Defense wins round in battle over accused killer’s records Attorneys for David Wayne Kuroki — who is accused of first-degree murder in the death …
Defense wins round in battle over accused killer’s records
Attorneys for David Wayne Kuroki — who is accused of first-degree murder in the death of his 81-year-old mother — insist the Arapahoe County Sheriff’s Office had no right to see medical records created by paramedics while transporting their client to a hospital.
Although investigators and prosecutors can’t unlearn what they’ve seen, Arapahoe County Judge Elizabeth Beebe-Volz ordered that the files be handed over to the court and sealed until further notice, and that any residual knowledge not be used in the prosecution of the case.
Beebe-Volz rendered her decision at the conclusion of an Aug. 21 hearing in Arapahoe County Court.
Kuroki, 53, was found April 2 in a Douglas County park, just hours after Arapahoe County sheriff’s deputies discovered his mother’s body in the bedroom of her Centennial home.
According to sworn testimony, a South Metro Fire ambulance transported Kuroki from the park with what the Douglas County deputy who responded to the scene described as life-threatening wounds.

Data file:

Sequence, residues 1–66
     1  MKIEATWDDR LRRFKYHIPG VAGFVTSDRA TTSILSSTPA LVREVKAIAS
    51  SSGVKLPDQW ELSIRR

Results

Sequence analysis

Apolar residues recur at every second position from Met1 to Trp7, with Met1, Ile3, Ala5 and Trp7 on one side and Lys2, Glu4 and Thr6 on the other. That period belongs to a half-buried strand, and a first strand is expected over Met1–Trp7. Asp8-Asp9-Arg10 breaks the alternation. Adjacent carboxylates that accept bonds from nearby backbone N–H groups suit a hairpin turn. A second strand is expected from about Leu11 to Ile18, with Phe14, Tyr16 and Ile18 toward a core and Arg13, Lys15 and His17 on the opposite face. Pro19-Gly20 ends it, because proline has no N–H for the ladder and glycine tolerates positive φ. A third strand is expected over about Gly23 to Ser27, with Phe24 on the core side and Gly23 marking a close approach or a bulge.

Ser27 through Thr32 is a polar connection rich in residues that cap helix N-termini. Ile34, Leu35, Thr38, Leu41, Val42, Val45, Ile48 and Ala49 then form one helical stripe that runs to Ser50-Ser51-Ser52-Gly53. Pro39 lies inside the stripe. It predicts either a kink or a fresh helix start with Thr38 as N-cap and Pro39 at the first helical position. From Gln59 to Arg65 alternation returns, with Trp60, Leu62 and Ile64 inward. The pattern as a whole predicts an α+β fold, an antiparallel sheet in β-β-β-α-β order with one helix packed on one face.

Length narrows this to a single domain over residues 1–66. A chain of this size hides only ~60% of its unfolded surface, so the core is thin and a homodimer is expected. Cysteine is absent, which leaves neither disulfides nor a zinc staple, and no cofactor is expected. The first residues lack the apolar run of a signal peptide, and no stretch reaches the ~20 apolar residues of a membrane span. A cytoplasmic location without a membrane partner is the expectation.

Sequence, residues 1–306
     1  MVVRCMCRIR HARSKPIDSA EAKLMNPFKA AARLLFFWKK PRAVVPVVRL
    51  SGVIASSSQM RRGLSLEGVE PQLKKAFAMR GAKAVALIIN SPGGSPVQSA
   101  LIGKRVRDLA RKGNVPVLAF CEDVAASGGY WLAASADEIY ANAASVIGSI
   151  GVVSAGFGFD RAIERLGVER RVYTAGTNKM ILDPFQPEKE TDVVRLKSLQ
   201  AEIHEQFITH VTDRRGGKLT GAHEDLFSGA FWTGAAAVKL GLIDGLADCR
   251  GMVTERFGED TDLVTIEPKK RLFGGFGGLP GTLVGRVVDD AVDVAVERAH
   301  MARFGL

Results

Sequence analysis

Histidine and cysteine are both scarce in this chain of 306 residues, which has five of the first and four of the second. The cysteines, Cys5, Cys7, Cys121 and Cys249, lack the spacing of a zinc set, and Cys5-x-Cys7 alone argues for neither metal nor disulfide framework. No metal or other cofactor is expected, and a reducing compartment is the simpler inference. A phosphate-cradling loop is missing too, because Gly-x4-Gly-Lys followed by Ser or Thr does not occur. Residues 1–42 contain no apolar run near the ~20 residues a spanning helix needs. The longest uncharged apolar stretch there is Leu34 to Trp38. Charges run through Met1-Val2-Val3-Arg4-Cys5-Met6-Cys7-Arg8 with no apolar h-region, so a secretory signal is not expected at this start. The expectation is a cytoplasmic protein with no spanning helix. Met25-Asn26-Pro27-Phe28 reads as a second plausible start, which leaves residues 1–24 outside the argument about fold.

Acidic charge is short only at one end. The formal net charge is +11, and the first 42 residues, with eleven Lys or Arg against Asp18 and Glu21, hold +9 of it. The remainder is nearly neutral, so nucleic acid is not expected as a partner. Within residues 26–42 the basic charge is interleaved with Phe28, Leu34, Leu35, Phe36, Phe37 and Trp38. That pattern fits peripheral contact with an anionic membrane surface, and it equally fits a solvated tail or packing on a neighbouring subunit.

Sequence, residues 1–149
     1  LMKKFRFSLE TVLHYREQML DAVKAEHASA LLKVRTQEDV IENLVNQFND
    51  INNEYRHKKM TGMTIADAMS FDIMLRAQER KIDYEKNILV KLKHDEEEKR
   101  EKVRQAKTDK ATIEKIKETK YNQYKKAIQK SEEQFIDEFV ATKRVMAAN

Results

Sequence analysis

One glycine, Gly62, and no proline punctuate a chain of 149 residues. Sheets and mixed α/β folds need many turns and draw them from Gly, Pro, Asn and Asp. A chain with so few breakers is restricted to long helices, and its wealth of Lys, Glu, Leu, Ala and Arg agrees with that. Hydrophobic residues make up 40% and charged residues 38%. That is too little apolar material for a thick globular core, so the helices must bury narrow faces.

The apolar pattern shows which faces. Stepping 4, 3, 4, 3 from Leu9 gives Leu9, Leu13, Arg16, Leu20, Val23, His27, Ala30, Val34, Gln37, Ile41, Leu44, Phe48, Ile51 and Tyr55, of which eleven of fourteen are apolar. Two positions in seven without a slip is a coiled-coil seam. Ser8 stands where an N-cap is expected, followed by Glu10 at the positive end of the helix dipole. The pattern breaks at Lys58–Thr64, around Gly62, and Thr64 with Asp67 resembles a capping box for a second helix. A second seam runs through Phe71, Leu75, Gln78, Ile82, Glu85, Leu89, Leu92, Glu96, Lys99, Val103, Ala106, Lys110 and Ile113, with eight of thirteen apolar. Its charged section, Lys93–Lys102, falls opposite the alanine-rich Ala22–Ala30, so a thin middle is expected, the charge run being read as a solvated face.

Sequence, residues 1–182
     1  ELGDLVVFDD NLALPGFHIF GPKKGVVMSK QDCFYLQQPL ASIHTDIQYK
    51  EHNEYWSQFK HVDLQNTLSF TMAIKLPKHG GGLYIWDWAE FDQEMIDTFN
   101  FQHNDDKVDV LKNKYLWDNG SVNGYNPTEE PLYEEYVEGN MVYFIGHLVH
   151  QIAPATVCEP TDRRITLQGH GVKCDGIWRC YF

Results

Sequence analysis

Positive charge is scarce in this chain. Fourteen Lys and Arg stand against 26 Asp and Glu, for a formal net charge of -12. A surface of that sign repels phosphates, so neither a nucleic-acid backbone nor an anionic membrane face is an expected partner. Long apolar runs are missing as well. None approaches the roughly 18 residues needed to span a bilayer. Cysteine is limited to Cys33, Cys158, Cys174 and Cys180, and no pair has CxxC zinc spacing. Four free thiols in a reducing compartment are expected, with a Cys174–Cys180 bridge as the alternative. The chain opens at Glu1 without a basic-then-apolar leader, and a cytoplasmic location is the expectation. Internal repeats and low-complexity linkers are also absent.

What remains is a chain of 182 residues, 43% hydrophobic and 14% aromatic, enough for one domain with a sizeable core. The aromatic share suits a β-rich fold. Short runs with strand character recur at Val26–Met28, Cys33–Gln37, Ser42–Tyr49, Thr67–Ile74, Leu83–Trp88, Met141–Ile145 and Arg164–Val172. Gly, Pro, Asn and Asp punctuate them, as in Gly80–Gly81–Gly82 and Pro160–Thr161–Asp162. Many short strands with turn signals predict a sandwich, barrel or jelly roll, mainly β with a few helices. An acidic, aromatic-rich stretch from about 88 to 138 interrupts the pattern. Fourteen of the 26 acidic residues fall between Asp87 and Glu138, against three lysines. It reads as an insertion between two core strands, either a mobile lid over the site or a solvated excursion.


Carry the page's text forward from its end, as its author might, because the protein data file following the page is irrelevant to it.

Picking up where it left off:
But Kuroki’s defense team is resolved that notes and medical reports created by those who treated him are protected under the Healthcare Insurance Portability and Accountability Act and should never have been turned over to investigators.
Assistant Arapahoe County Attorney George Rosenberg disagrees.
Appearing on behalf of Sheriff Grayson Robinson, Rosenberg argued no violation could have occurred because the sheriff’s office only had copies, and was not the custodial agent of the documents, with no way of certifying the records as “true and accurate.”
He went on to cite case law exempting law enforcement agencies from such breaches of privacy.
Defense attorneys argued a violation did exist because Kuroki has not waived his right to keep such records private, adding that the records should be surrendered and destroyed.
Prosecutors objected, insisting that in the event Kuroki would plead not guilty by reason of insanity, the records may be of value.
Kuroki will be back in court Oct. 25 for arraignment.